Server side script

For the purpose of this example, I will presume you are running a cli php script (which wont timeout etc). I've also only implemented one command being run on each connection, but it is fairly straight forward to change this so you can have a flow of commands and responses going back and forth.

The script will take the following steps;

  • Create a Self-signed SSL Certificate
  • Attach to a TCP IP:Port and listen for connections
  • Accept an incoming connection
  • Switch to SSL
  • Wait and accept a command from the client
  • Respond to command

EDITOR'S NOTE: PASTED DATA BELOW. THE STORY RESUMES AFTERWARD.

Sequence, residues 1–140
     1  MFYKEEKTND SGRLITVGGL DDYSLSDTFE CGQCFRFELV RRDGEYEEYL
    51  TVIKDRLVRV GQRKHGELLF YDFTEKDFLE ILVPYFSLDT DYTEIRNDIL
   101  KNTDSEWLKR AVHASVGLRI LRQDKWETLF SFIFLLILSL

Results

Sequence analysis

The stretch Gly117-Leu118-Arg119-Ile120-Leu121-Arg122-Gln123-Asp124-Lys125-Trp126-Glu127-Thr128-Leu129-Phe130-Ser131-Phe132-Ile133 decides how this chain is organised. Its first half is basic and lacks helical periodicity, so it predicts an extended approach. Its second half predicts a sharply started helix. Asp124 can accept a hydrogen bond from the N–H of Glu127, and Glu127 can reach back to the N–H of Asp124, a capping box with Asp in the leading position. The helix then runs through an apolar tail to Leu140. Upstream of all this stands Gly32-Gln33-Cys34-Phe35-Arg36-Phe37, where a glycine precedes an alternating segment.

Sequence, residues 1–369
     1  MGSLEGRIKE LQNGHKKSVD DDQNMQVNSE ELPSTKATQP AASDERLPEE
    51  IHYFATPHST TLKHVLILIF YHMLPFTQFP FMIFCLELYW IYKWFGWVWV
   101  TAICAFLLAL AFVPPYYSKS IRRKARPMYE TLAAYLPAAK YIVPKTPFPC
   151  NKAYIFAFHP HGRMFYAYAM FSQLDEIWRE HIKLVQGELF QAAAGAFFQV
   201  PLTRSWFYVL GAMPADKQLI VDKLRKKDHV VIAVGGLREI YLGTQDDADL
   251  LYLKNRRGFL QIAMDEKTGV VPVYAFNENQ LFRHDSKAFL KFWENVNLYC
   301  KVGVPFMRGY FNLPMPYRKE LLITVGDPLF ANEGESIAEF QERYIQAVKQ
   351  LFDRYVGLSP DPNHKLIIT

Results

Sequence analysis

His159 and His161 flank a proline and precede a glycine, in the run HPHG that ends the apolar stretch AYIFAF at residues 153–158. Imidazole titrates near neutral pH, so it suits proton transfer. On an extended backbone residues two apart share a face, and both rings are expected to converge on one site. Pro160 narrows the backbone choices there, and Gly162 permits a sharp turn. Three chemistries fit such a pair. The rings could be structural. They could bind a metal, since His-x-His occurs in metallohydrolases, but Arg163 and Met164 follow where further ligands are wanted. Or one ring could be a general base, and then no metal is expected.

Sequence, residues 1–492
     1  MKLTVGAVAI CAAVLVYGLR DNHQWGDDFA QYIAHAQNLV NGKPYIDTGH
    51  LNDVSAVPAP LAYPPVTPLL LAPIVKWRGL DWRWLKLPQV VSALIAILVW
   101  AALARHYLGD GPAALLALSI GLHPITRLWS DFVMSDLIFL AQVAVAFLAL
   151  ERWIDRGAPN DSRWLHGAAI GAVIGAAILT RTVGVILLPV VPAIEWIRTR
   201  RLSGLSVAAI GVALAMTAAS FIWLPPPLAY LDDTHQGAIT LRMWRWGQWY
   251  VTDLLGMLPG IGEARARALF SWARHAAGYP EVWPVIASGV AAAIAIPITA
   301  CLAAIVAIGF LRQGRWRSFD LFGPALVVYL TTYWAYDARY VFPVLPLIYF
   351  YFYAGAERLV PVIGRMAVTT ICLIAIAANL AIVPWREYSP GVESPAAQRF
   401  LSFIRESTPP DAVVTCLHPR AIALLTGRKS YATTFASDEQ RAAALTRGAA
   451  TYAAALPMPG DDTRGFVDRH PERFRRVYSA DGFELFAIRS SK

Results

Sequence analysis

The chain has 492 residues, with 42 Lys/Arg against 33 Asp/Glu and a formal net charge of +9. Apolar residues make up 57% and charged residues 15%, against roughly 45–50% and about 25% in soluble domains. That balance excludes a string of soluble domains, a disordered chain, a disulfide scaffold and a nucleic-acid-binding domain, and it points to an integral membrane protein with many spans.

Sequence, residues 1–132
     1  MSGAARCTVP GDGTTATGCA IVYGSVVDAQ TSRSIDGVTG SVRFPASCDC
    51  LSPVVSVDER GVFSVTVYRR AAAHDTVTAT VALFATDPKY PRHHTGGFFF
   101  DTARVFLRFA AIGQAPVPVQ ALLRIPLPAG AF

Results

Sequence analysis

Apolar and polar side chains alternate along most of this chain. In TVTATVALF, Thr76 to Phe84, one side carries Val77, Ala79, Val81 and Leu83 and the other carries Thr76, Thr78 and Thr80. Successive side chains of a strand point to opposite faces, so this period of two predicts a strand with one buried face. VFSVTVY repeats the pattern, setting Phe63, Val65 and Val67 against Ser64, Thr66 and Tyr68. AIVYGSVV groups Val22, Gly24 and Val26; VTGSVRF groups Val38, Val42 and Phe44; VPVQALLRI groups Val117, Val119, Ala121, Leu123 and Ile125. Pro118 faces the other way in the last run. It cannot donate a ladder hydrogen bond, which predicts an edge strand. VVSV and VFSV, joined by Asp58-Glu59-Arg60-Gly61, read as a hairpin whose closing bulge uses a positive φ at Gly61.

• Close the connection

Client side script

This is the script which will run on the client side of the connection

The script will take the following steps;

  • Connect to IP:PORT
  • Switch to SSL
  • Send a command
  • Receive a response
  • Close the connection
  • Echo out the response Received

Download Server/Client Example

You can Download the example code listed below, with the proper tab formatting that our blog appears to strip out. :/

Server side script Code

Make sure you set all of the example variables with your information.

 *  Example of HOWTO: PHP TCP Server/Client with SSL Encryption using Streams
 *  Server side Script
 *  Website :

$ip="";               //Set the TCP IP Address to listen on
$port="8099";                  //Set the TCP Port to listen on
$pem_passphrase = "<your password>";   //Set a password here
$pem_file = "filename.pem";    //Set a path/filename for the PEM SSL Certificate which will be created.